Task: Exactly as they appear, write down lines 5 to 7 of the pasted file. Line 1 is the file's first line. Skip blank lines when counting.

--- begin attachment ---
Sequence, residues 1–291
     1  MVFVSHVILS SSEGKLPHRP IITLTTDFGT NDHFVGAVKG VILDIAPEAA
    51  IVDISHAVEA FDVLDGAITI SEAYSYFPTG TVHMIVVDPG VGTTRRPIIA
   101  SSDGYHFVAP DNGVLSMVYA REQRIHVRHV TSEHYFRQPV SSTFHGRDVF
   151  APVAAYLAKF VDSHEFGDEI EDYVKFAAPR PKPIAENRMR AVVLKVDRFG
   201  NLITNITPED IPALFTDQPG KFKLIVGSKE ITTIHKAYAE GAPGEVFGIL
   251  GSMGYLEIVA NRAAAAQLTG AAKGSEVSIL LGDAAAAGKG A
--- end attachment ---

   151  APVAAYLAKF VDSHEFGDEI EDYVKFAAPR PKPIAENRMR AVVLKVDRFG
   201  NLITNITPED IPALFTDQPG KFKLIVGSKE ITTIHKAYAE GAPGEVFGIL
   251  GSMGYLEIVA NRAAAAQLTG AAKGSEVSIL LGDAAAAGKG A